Toddlers Learn about Bugs by Dancing to Jerry
Lesson on insects captivates energetic toddlers at South Slough
By Drew Atkins, Staff Writer
“Now, who can tell me where we are?”Tom Gaskill looked down at the 15 toddlers assembled on the floor in front of him. He saw blank faces. Clearly some of the audience members didn't understand the question or were paying no attention whatsoever.Gaskill repeated himself. “Anyone know where we are right now?”“Right here,” answered one of the toddlers, perhaps snidely.Austin Erickson, a 20-month-old from Coos Bay, dropped a wooden block he'd been messing around with and got visibly upset at the block for escaping his hand. He looked like he was about to lose it, but he pulled himself together and fought back the tears. Composed, Austin stuck his thumb in his mouth and turned his attention to Gaskill.Gaskill attempted to laugh off the toddler's comment.
“Right! Well, yeah, that's right! Of course we're here.”He asked for more raised hands. After another answer he wasn't quite looking for, a button-cute blonde 4-year-old, Anna Langlie from North Bend, said, “South Slough.”“Yes!” Gaskill shouted, pointing at the little girl. “But more than that, where are we?”The audience was out of answers.
“We're at South Slough Estuary,” he said, pointing to the poster behind him that read “Estuaries.” He blocked out the final three letters with his hand, presumedly to bring the word closer to its singular-form spelling. “We're at an estuary; where rivers meet the sea.”More specifically, Gaskill, the toddlers and the parents located on the crowd's fringes were in the classroom facility of South Slough National Estuarine Research Center, taking part in “Tide of Toddlers.” Held one Saturday morning a month, the program gives kids ages 1 through 5 an activity for the morning other than watching cartoons. Gaskill, the education director of the Center, usually brings his children, ages 2 and 5, to the class to help him teach, but Saturday one was sick and they stayed home.Every Tide of Toddlers has a theme, like the upcoming sensory-sensations-themed and plant-themed programs. Saturday's theme was insects.Gaskill told the youngsters to stand up.“Insects have six legs,” he told them. “They're just one kind of bug. Some bugs have a lot more legs. So all you kids-and adults, if you want-let's sprout some extra legs!”Gaskill made strained noises and shook in place, encouraging the kids to do the same. After a few moments, he stopped. Some of the kids looked disappointed Gaskill hadn't grown anything. He said, “We're just going to pretend we have extra legs.”There's a fixed, monthly schedule Tide of Toddlers. First phase of the schedule is introductions. Next comes the energy-dispersal phase, where the teacher attempts to work all the surplus hyperactivity out of the toddlers before sitting them down for storytime.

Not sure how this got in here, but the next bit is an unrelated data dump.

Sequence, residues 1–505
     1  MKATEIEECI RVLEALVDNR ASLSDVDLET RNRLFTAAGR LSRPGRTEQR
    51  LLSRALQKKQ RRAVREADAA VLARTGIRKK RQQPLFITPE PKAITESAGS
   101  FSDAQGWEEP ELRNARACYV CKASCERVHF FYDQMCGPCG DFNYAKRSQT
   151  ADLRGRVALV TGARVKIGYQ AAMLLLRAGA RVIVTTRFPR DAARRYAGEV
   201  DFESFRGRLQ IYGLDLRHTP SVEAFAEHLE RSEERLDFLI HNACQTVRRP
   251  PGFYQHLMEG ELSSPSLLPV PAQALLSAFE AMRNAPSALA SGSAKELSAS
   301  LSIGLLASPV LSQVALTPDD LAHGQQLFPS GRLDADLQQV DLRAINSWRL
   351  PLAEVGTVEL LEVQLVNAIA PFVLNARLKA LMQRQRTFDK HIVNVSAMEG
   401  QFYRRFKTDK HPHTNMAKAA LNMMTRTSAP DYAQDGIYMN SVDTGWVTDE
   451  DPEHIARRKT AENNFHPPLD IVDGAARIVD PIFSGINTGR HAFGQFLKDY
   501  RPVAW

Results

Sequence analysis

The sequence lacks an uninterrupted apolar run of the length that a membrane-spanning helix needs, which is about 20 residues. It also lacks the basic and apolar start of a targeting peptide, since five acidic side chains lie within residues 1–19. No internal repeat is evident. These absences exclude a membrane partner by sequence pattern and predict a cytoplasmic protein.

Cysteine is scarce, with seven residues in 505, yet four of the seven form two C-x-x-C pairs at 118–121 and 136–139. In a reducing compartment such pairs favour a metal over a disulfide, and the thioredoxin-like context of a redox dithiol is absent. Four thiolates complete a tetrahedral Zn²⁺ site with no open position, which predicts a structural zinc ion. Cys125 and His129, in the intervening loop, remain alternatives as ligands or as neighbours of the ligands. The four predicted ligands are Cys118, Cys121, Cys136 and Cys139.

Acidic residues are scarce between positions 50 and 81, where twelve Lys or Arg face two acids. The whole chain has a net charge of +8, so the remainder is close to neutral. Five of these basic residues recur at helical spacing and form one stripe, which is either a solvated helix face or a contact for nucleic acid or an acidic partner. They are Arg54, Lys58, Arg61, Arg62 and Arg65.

Gaskill told the toddlers to use their new insect legs to march with him to a mind-jarringly upbeat song, “Ants.” He marched them in a circle until the song ended, then lead them in a dance to the Jerry Garcia song, “Ain't No Bugs on Me,” until they were all totally out of steam.
Afterwards, they sat down and Gaskill read them the story of “The Grouchy Ladybug,” about a ladybug that goes around senselessly “talking trash” to animals bigger than it until it's beaten up by a blue whale.The rest of the hour wound down at a leisurely pace. The toddlers scooted over to the other side of the room and watched on a nearby television screen as Gaskill, using a camera aimed over a tank, showed them spiders and other insects walking across the surface of water. He also brought out a rough-skinned newt as an example of a creature that likes to wipe insects out.Just before this month's program ended, there came the hands-on portion of the program: Gaskill sat each toddler at a table, handed each a plastic magnifying glass and dropped a clump of damp, stringy plant life in front of them that he collected earlier that day by the water. He told them each clump of soggy plant life was full of bugs, like lots of places in the estuary, and that they were free to come exploring around there anytime.The toddlers leaned in closer to the gunk, looking for tiny bugs crawling around in it, squinting through their magnifying glasses. Minutes later, when the toddlers were visibly tired of investigating, Gaskill thanked everyone for coming. The parents and children filed out of the room, on the way to the rest of their weekends, and the Tide of Toddlers rolled back once again, not to be seen for another month.(For more information on Tide of Toddlers or any of the other programs offered by South Slough National Estuarine Research Center, those interested can call 888-5558 or visit http://www.southsloughestuary.org./)